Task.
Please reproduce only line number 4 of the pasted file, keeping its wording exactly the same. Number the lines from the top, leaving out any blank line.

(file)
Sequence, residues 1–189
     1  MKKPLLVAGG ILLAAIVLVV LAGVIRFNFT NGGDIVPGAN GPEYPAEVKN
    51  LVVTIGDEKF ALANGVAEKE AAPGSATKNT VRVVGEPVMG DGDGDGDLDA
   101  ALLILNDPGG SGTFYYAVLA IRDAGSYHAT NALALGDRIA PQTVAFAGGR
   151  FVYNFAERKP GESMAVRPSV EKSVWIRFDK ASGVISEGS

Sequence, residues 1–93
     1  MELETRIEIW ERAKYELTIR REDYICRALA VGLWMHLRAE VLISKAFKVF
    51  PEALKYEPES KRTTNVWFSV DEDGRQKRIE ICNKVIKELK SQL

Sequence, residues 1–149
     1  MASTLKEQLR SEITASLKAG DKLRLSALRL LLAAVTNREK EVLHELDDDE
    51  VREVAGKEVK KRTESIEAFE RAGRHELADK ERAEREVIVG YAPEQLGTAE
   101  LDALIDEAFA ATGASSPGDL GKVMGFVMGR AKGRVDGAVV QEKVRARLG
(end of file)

   101  ALLILNDPGG SGTFYYAVLA IRDAGSYHAT NALALGDRIA PQTVAFAGGR